Sunday, September 7, 2008

I Need a Metaphor for Random. Cornucopia, Potpourri? Ah, how about this...

I've let the news stories pile up a bit over the past couple of weeks, so prepare yourself for a grab-bag!

My beloved town of Greensboro has really stepped up its game this year, moving from 37th in the nation to 1st in the nation... for fall allergy severity. We were number two on the list of spring allergies this year, but I have faith we can take the title next year. Eat that Charlotte.

Meanwhile over on the coast, Wilmington, NC is about to become the first place in the country to have its analog television signals cut off. The FCC is using it as a test market for the analog cutoff due to happen early next year. It's been a while since I wrote about the coming need for tech savvy people to be able to answer questions about why the TVs will stop working. Are you prepared yet?

Speaking of televisions, Samsung had some organic light emitting diode displays out at a recent trade show. OLED screens have the potential to give full 180 degree viewing angles (just like analog, very much better than current LCDs) and extremely good contrast ratios and color reproduction. Bascially, they could potentially give the quality of an analog TV in an inch thick form factor. I believe the correct way to respond in current internet parlance is: DO WANT.

If that isn't sci-fi enough for you, the wacky, money flush builders over in Dubai are talking about building a self contained structure capable of housing over one million people. That sure sounds like the textbook definition of an arcology to me...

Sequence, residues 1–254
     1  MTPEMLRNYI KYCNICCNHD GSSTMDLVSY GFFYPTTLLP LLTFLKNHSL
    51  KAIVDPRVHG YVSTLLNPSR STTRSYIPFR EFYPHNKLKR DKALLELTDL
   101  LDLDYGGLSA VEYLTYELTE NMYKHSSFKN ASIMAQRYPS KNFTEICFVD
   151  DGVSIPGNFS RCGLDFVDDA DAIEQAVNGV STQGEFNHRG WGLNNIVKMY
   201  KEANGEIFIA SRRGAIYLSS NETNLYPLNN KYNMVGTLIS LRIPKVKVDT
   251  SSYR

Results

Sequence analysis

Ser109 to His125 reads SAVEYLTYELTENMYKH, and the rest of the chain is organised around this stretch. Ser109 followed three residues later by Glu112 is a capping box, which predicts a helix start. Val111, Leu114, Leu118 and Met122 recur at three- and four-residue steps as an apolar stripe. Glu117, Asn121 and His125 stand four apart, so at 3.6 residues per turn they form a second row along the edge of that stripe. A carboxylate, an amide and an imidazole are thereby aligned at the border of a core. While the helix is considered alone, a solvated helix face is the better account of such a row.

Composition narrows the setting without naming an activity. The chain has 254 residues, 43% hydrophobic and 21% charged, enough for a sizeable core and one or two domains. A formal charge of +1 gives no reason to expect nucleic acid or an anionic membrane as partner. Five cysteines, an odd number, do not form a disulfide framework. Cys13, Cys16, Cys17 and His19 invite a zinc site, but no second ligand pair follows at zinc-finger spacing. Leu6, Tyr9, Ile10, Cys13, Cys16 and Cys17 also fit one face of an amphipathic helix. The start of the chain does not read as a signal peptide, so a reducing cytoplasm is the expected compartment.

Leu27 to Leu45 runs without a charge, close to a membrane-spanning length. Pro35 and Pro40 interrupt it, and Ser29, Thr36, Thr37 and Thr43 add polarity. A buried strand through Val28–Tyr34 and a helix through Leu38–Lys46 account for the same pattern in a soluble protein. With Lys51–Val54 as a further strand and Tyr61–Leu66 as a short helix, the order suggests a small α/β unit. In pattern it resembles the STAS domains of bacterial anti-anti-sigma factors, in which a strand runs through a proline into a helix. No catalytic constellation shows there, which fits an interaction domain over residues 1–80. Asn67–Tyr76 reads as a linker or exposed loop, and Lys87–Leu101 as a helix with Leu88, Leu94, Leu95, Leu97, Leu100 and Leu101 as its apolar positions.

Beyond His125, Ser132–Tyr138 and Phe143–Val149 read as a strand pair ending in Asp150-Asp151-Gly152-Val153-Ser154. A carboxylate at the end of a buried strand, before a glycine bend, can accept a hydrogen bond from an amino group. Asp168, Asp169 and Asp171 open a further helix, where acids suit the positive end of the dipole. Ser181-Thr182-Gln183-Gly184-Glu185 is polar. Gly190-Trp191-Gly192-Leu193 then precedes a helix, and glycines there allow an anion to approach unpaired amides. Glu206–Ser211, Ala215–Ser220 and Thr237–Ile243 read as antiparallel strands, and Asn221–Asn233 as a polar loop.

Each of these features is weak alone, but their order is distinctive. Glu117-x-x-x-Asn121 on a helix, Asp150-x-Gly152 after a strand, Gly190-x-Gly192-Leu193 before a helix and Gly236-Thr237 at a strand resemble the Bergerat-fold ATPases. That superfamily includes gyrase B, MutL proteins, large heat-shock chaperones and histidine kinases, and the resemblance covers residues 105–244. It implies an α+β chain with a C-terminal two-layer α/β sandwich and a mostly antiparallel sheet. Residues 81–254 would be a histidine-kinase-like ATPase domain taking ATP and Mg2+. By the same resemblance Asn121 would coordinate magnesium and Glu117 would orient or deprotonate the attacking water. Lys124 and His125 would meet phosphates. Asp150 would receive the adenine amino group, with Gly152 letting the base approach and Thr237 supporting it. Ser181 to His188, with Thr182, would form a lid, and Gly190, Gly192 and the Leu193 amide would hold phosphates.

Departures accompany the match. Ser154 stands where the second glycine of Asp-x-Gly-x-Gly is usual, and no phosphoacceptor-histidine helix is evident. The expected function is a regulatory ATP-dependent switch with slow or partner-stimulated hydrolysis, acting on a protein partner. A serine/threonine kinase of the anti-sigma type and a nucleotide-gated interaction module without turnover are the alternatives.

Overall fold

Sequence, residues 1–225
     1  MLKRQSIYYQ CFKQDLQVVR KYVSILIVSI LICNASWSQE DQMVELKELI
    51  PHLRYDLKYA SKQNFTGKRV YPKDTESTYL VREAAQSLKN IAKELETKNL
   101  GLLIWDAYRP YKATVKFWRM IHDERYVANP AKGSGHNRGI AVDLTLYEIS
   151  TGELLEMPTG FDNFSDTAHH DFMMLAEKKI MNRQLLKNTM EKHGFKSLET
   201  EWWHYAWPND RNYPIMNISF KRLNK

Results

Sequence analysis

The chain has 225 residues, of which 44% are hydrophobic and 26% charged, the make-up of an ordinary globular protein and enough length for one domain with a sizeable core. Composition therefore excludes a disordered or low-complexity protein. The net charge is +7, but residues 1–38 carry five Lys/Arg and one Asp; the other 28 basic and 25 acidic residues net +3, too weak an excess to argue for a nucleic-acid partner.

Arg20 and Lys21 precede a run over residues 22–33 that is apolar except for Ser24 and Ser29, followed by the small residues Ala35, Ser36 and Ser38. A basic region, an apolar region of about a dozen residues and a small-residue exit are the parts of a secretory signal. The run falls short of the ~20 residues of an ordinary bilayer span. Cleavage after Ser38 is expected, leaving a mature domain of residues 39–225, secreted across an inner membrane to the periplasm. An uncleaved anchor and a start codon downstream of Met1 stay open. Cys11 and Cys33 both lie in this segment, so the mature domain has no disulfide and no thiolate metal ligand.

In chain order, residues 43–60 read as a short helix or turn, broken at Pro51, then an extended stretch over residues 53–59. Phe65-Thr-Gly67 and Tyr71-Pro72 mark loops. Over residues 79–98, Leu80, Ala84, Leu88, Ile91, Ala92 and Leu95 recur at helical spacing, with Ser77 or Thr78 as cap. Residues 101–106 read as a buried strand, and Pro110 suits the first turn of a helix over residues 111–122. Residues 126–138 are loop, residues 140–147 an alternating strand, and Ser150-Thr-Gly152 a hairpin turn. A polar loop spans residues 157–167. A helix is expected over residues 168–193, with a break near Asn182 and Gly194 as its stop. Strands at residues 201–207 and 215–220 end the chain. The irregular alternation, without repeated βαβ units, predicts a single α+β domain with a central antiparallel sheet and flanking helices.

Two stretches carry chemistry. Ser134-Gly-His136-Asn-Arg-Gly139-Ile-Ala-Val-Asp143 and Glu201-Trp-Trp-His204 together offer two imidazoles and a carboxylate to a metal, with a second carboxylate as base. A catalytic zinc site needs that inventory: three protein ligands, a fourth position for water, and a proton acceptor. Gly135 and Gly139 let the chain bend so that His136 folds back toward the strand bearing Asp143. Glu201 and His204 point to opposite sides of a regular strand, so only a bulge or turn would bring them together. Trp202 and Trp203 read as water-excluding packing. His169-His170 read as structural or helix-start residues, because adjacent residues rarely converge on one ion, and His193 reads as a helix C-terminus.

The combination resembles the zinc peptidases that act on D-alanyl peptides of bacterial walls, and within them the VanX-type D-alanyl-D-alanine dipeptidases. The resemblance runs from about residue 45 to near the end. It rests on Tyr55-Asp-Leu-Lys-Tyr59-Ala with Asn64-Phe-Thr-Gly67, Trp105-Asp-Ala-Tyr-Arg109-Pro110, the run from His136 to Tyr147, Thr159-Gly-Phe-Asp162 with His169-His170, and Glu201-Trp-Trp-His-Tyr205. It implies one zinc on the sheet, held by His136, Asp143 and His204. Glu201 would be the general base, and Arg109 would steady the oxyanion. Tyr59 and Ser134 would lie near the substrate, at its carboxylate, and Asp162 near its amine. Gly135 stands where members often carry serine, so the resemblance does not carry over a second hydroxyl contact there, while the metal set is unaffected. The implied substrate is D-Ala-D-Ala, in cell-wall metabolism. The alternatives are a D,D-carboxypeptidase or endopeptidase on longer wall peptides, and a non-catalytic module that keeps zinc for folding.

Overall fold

If giant cities aren't your cup of tea, then how about an exoskeleton that can help a paralyzed man walk again?

As was probably inevitable given the setbacks of its proposed replacement, the 2010 retirement date of the Space Shuttle program is under review. Currently, the U.S. manned space program will be dependent on Russian rockets for at least half a decade. The recent events in Georgia have lawmakers questioning whether that is a good idea. Of course, shifting political motives don't necessarily a good engineering program make.

Finally, if you thought a couple of weeks would pass without some alternate energy news, think again. MIT researchers have quietly come up with a way for viruses to be used to grow two of the three major components of a battery on a nanometer scale. These are at a very early stage of development, but the potential is exciting. And Scott Adams (Dilbert creator) has a very similar idea of the future of alternative energy to what I've been saying. I don't know if that reflects well on me or poorly on him...

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